Accuracy and differentiation in social prediction: A developmental perspective

Authors


  • 1

    Address reprint requests to E. Tory Higgins, Department of Psychology, University of Western Ontario, Canada N6A 5C2. A brief report of this research was included in a presentation to the Social Science Research Council Committee on Social-Cognitive Development, Palo Alto, 1978. The research and manuscript preparation were supported in part by a National Institute of Mental Health Grant, R01MH31427, to the first author and a National Institute of Mental Health Grant, MH27198, to the third author.

Abstract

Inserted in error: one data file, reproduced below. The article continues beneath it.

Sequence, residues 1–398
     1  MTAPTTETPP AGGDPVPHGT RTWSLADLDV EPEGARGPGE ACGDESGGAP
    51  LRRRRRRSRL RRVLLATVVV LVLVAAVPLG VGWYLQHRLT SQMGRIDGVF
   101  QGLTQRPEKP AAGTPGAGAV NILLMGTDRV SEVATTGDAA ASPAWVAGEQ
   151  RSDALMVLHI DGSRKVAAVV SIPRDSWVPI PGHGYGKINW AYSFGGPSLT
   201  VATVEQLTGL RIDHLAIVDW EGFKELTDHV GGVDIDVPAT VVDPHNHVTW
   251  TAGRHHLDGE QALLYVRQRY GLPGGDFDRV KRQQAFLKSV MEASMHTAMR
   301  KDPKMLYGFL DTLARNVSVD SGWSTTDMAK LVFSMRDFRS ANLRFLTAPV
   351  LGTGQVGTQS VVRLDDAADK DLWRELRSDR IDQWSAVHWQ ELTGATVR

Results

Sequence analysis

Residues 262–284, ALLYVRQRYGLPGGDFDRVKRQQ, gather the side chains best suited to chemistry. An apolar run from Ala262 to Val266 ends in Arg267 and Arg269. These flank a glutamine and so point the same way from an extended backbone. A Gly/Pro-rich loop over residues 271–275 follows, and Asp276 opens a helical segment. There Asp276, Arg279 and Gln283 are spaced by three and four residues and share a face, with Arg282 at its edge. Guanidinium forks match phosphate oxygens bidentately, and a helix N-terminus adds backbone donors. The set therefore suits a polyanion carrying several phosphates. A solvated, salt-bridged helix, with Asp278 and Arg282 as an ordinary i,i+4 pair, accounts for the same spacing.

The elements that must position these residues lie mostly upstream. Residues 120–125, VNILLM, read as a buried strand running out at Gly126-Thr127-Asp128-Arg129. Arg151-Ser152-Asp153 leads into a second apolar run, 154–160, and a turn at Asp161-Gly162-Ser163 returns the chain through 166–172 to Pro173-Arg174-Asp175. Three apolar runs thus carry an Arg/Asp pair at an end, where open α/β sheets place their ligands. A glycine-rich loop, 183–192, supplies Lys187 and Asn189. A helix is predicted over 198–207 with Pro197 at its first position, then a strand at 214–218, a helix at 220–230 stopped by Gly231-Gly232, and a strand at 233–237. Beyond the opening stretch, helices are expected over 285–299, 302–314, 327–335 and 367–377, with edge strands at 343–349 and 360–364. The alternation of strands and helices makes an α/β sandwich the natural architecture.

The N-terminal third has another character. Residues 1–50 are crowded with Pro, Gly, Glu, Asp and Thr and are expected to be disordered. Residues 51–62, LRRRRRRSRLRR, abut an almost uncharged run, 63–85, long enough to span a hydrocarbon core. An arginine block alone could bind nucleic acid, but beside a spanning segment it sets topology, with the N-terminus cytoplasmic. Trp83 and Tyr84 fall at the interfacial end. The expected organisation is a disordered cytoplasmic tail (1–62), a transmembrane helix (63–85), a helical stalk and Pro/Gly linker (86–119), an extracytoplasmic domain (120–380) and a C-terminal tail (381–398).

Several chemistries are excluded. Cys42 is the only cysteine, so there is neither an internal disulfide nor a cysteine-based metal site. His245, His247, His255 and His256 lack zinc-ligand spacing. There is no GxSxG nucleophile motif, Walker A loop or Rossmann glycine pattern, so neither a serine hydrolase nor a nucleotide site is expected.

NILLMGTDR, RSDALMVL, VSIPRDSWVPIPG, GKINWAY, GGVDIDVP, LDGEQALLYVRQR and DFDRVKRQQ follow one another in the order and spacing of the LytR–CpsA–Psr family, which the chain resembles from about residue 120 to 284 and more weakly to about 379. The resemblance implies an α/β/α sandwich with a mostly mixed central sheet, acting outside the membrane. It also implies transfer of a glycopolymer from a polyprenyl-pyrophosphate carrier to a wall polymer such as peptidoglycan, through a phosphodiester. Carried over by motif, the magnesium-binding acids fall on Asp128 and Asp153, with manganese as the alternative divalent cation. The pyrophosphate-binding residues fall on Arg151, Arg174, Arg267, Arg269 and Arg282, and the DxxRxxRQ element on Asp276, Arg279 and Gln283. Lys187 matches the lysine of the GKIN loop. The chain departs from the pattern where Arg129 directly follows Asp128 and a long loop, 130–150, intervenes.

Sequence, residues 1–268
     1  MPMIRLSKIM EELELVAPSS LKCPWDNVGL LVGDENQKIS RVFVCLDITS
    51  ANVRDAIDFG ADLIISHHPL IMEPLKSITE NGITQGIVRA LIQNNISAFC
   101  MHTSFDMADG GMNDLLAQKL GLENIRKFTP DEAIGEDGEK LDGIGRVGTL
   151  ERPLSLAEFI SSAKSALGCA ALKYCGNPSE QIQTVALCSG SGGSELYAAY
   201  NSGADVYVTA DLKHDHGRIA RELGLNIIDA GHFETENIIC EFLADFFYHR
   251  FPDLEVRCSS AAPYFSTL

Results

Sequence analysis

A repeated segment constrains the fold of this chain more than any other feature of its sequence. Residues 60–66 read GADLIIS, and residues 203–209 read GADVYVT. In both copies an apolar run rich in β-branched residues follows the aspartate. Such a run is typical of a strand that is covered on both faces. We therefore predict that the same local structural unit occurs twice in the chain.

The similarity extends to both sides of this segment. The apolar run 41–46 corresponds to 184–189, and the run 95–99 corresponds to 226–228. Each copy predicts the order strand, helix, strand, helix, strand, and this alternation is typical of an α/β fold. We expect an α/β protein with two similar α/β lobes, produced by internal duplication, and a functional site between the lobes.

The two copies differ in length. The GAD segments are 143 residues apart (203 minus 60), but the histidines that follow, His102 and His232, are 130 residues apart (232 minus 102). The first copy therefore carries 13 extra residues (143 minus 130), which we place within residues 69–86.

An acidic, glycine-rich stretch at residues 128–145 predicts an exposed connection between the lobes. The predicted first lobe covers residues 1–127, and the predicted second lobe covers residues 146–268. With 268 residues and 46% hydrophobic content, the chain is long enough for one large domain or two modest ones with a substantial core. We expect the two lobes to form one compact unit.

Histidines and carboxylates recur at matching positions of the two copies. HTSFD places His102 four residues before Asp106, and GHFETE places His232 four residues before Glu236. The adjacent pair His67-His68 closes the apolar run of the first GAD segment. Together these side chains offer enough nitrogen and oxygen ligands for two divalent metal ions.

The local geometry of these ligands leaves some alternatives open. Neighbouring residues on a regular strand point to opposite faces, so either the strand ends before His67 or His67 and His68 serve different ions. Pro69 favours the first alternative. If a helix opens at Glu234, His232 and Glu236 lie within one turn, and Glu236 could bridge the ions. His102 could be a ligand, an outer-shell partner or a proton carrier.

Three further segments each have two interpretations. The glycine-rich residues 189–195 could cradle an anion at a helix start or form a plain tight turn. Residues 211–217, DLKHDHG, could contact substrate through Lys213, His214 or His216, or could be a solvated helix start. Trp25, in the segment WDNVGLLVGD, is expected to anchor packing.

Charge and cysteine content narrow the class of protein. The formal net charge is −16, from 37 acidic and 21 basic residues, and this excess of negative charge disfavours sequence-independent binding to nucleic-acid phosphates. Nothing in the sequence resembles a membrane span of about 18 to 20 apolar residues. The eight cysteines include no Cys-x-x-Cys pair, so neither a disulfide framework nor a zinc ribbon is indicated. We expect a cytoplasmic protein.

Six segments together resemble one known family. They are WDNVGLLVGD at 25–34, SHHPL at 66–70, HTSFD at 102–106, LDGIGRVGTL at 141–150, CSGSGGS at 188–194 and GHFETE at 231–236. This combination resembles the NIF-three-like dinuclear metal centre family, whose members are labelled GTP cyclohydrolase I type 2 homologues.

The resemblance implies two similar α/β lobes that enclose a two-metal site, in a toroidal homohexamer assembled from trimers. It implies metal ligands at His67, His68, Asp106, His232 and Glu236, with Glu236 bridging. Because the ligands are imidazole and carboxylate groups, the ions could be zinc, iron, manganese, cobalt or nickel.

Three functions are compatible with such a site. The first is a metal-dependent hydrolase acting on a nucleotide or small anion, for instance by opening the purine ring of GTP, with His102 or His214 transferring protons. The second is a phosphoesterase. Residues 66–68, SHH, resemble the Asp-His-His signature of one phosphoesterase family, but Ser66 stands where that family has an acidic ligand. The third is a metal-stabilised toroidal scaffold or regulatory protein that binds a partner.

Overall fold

Two studies examined the accuracy and differentiation of 4–5-yearolds‘, 8–9-year-olds’, and undergraduates' predictions of the preferences of peers and nonpeers. In Study 1 each subject was presented with separate arrays of snacks, meals, and activities depicted on cards and were asked to select their own preferences and the preferences of peers and nonpeers (“grown-ups” for the children, and “4- to 5-year-olds” for the undergraduates). In Study 2 each subject selected his or her own preference, the preference of peers, and the preferences of both older nonpeers (“grown-ups”) and younger nonpeers (“2-year-olds”). For all age groups, including 4–5-year-olds: (1) the preference predictions differentiated peers from nonpeers, as well as older nonpeers from younger nonpeers; (2) it was very rare for a subject to select his or her own preferences for the preference predictions of both peers and nonpeers. There were no consistent developmental differences either in the tendency to select one's own preferences when predicting the preferences of others or in the tendency to differentiate predictions for peers and nonpeers. In contrast, there was a clear developmental increase in predictive accuracy, with 4–5-year-olds being relatively inaccurate in predicting the preferences of nonpeers. The inadequacy of constructs such as “assumed similarity” and “egocentrism” as explanations for the general accuracy in predicting peers' preferences and the 4–5-year-olds' inaccuracy in predicting nonpeers' preferences is discussed. Possible alternative variables underlying developmental increases in judgmental accuracy, such as “social reference,”“self reference,” and “social category knowledge,” are then proposed.

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